Fort Devens Museum

Handbook Shows Devens' Legacy as a Training Center

August 13, 2004

By C. David Gordon,
Copyright Nashoba Publications

DEVENS — The eventual home for the Devens Historical Museum is at least one of three red cinderblock buildings that formed part of a prisoner of war camp during World War II and, before that, served as a Citizens' Military Training Camp (CMTC). Less information has surfaced about the CMTC operation in the 1920s and '30s at Devens than about the POW camp from 1944-46.

Citizens' military training camps at various locations around the country as well as at Camp Devens got their direct start following World War I. After Congress considered briefly the idea of universal compulsory military training, it drew up a compromise bill with a provision to provide for such a summer training program. Young men ages 17 to 24 could participate voluntarily, with no obligation to serve as a member of the armed forces.

The CMTC was seen as one way to prepare the country for national defense. At the same time, the camps fostered good citizenship and character building.

A recent acquisition for the Devens museum is a small booklet about the camp. It was published "with the idea of assisting the student in becoming acquainted with camp life and regulations which will govern, in part, his life and conduct while here." This CMTC handbook was distributed to students, as these civilians were to be called, for the August 1924 camp.

The booklet notes that members of the National Guard, the Organized Reserve and the ROTC also were trained at Camp Devens by members of the regular Army. Camp Devens had become "a training center for troops of the New England states, which comprise the First Corps Area." The commanding general of Camp Devens at the time was Brig. Gen. Malvern-Hill Barnum, for whom Barnum Road was named.

High on the list of rules and regulations stated in the handbook is the requirement to keep the booklet in good condition with its identification page properly filled out. The original owner of this copy was Charles P. Genaitis from Gardner, a basic student assigned to 1st Battalion, 5th Regiment, with serial numbers for a rifle and bayonet issued to him duly noted. Although he probably was in an infantry unit, CMTC training came as well for others in cavalry, field artillery, engineering or signal corps.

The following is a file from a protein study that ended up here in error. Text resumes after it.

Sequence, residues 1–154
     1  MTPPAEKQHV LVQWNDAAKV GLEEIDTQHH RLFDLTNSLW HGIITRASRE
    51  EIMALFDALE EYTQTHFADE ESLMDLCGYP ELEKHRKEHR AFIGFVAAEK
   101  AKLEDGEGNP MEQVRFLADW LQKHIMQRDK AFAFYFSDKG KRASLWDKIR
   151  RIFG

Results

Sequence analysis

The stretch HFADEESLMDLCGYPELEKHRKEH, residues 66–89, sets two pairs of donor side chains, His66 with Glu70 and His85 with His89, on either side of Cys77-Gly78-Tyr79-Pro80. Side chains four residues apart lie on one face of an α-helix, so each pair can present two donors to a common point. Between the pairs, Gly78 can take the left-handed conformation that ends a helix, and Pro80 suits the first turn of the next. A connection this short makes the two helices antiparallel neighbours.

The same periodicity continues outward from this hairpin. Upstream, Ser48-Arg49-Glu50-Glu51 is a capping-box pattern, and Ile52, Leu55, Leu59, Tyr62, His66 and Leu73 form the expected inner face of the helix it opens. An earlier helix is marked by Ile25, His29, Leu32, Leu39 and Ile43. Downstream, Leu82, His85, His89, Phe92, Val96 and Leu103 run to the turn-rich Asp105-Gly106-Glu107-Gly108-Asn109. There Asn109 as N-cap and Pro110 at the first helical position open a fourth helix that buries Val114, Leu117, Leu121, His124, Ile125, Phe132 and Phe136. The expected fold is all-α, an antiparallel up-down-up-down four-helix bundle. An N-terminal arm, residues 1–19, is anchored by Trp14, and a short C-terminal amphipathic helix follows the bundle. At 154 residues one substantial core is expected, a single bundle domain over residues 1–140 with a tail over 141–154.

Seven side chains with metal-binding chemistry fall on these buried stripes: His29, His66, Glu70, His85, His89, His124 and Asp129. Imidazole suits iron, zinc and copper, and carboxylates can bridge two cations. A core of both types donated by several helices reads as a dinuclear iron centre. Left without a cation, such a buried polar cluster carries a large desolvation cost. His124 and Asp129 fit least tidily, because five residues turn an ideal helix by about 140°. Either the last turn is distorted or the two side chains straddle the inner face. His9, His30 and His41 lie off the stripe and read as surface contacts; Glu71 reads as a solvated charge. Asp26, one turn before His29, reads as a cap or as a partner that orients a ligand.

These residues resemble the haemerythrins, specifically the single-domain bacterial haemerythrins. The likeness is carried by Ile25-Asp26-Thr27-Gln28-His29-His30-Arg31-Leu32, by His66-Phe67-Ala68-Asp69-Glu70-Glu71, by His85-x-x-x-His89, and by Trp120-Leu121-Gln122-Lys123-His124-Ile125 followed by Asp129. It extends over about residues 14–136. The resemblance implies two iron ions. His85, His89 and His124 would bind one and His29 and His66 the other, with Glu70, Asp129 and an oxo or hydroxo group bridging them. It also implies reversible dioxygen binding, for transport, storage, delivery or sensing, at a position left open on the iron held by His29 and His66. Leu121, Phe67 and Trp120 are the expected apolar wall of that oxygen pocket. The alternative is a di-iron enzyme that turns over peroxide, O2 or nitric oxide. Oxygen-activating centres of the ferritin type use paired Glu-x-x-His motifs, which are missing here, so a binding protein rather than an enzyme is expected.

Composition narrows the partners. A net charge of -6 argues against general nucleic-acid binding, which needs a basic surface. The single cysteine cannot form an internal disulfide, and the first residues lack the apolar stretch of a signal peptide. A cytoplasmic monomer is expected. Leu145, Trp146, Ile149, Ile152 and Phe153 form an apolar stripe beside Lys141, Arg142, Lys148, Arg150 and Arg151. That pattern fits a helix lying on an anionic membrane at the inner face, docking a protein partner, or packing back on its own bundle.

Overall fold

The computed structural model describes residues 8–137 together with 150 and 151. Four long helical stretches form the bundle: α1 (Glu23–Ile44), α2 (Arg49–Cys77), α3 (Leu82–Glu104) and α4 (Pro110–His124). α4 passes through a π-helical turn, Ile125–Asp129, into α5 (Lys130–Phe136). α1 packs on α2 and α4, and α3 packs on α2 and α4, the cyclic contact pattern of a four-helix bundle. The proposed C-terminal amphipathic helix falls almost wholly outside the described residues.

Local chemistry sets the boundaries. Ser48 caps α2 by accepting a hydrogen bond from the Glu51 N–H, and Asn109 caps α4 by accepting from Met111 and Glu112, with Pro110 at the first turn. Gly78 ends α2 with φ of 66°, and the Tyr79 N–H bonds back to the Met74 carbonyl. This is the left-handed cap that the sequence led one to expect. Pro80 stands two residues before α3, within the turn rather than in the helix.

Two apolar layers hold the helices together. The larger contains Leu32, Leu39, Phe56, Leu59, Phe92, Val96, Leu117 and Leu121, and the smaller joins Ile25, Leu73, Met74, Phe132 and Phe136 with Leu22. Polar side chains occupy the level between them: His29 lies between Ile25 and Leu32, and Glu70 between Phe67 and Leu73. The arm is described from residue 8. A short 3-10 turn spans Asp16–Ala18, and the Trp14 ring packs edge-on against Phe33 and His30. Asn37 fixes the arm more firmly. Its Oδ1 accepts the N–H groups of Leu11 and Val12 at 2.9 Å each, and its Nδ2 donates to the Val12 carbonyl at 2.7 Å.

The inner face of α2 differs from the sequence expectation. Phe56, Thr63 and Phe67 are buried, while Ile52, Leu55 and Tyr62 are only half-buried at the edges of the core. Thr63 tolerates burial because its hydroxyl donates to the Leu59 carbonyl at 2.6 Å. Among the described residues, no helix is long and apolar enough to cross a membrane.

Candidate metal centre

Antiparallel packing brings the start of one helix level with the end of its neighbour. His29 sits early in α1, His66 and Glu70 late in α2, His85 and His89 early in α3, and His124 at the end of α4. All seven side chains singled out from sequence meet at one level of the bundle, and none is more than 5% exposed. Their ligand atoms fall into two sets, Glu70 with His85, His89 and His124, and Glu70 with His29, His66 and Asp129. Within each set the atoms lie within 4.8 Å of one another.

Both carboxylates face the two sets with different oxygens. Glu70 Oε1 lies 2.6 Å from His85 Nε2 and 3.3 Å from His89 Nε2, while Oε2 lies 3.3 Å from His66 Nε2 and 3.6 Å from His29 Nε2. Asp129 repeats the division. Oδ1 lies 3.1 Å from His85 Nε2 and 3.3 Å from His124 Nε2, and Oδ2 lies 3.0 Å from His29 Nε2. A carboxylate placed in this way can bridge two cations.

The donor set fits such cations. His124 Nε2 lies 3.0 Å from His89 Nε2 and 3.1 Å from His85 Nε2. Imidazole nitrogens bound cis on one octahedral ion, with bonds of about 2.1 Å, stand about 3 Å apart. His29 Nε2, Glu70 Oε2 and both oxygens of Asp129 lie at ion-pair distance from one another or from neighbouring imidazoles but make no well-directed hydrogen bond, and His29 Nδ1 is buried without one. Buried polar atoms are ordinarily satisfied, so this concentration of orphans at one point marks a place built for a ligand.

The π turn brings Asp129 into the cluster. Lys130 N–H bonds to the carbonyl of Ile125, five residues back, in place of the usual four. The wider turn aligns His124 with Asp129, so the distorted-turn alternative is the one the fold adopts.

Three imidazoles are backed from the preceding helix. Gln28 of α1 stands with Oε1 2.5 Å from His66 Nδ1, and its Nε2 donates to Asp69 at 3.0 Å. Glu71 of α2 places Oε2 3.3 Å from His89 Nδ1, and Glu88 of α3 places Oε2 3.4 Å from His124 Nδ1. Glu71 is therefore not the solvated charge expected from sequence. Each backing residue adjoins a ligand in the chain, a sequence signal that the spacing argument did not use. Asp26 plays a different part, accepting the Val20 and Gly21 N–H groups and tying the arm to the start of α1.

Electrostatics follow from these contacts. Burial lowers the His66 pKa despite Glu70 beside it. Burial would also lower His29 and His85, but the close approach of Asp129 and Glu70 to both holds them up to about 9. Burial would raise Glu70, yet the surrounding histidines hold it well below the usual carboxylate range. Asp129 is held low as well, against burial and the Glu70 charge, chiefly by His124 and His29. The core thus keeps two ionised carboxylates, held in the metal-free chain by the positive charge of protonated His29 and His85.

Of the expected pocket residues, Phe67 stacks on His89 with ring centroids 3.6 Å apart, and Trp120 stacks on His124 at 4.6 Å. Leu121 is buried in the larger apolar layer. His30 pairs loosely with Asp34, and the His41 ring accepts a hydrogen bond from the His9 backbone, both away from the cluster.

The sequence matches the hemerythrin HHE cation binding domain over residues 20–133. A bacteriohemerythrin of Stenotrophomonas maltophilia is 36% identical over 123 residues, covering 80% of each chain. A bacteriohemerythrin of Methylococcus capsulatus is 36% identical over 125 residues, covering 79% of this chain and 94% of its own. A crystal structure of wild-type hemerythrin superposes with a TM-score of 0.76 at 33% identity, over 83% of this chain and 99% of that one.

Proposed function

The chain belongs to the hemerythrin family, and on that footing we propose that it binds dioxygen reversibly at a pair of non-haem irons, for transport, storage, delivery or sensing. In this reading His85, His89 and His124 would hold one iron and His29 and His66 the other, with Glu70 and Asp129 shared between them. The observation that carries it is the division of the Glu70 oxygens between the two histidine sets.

To date, nothing is known about Genaitis. On blank pages at the back of the handbook are scrawled names of a few fellow students from Vermont, New Hampshire, Connecticut and Maine; notes on scheduled events; lists of numbers; and the names of two writers, Joseph Conrad and perhaps the writer of fiction set in Cape Cod, Joseph Lincoln.

All students were expected to "take the prescribed oath [of allegiance to country] upon their admission to camp." They were apprised of a camp day which would begin with first call at 6 a.m., include a training day ending with first call for retreat at 5:15 p.m., supper at 6, and "Taps" at 10 p.m. One regulation was for being "properly undressed and in bed at Taps."

The required service uniform included "olive drab shirt and black tie" with a coat "for ceremonies and social occasions unless otherwise prescribed." The service hat had a red, white and blue cord. As a basic-course student, Genaitis would wear a red collar ornament on both the left and right sides of his collar.

Students could qualify for medals offered by the Citizens' Military Training Camp Association, the organization created by graduates of prototype training corps camps organized before WWI. The association, which had a branch office at Camp Devens listed in the handbook, generally "promoted, protected and fought for CMTC" in the decades before WWII, as Donald M. Kingston wrote in the Autumn 1997 issue of Relevance, "the quarterly journal of the Great War Society."

Another award indicated in the manual: "Mr. Herman J. Ruth, better known as 'Babe' Ruth, of the New York 'Yankees,' is offering, through Mr. Christy J. Walsh of New York City, an autographed ball and bat to the outstanding student athlete in this CMTC. The manner in which this athlete is to be chosen will be announced at a later date."

The manual indicates the amusements and recreation possibilities available, from swimming, outdoor and indoor baseball, volleyball and track to the recreation hall and post exchange. Camp Devens also had a Visitors' House. Although "lunch counter, drinking water, phone booths, and an information bureau" were offered there, the manual states, "students unaccompanied by visitors should use the Recreation House as much as possible."

On religion, the handbook states that attendance is "not compulsory" at services, "but students are expected to observe the usual customs they practice at home."